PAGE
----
On Being a Neighbor: January 29, 2017

Dear Mr. VP,

Today I went to a protest in Boston’s Copley Square. My kiddo was with me, and despite missing a nap, was a total rock star. A friend came too, and then…thousands and thousands of friends came.

As I have for months now, I struggled for the right words to tell G (that’s my kid) why we were there to protest and what was happening politically. Finally, I told him “We’re going to protest because Donald Trump and people in the White House are not being good neighbors. It’s important that we be good neighbors and help people.” I know it’s so much more than that, but how do you explain immigration and refugees and religion to a 3.5 year old? And isn’t what it really comes down to that we’re hating our neighbors rather than helping them? Mr. Rogers must be rolling over in his damn grave.

Today, despite what’s happening on the national scene, I was struck by the neighborliness (is that a word, even?) that we encountered at every turn. Part of the Orange Line was (SHOCKER) under construction and so we had to take a shuttle bus to the next T station. There were so many people going to Copley Square that there were no seats. As I struggled to hold on to G and keep myself upright as the Masshole bus driver did her Masshole thing, a young woman said to me “Would it be okay if he just sat on my lap?” And he did, happily, and she wrapped her arms around him and talked to him about Ninja Turtles for the duration of our ride. Again on the subway, a woman gave up her seat so that my child could sit, because he’s still too small to hold onto the railings on the train. She was going to the protest too, and she said “I think we’re going to be at a lot of these.” She told us we should get off at Back Bay instead of changing lines and going to Copley, which saved us time and hassle.

At the rally, people smiled at G’s sign and took pictures, and were careful to walk around him as he sat on the crowded sidewalk edge and ate an apple. When we stopped inside a restaurant to get a bite to eat and use the restroom, a friendly woman let us cut in line when she saw G start doing his very obvious bathroom dance. On the subway again, an older gentleman smiled at my exhausted son and waved me away when I tried to move G’s head off his shoulder, onto which it had fallen. He said “It’s okay, we’ll be friends,” and they fist bumped. They waved to each other as we departed the train a few minutes later.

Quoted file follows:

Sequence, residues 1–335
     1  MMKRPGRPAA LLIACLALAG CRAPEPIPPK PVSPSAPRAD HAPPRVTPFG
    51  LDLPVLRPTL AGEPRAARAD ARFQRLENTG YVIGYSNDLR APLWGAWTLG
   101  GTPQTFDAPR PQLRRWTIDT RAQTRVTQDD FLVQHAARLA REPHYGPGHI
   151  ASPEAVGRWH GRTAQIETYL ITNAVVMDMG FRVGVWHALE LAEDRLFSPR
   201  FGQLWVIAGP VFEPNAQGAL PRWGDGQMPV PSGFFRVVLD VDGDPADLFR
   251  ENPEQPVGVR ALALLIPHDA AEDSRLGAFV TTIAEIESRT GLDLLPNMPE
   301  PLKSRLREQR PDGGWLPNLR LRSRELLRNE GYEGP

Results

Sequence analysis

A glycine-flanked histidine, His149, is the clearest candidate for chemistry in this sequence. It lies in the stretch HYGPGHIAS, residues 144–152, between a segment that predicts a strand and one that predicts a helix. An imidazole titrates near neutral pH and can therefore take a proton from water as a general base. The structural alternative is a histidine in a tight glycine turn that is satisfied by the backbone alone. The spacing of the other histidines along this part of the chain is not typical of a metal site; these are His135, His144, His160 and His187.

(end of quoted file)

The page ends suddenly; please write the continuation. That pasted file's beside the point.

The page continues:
All day, we encountered people being good neighbors. Being kind, helpful, and just downright lovely. But in the middle of it all, I was reminded why we were there:

I didn’t get a picture of that poster head-on, but can you see it? That’s a dead Syrian child washed up on a beach. The child in that poster could be my own — they’re probably about the same age — but for my kid’s fortune to be born in a different place and with a different color skin and a different religious heritage. Meanwhile, Syrian children are dying and we are turning them and their families away and saying “We don’t want you here. That huddled masses thing was just a nice sounding line. Goodbye.”

Mr. Pence, America is not being a good neighbor. And until that changes, Americans are going to be in the streets, and in the airports, and in your face, yelling, “No Hate. No Fear. Refugees are welcome here. No Hate. No Fear. Immigrants are welcome here.”


p.s. Pass my regards onto S. Bannon, please. Show him this.


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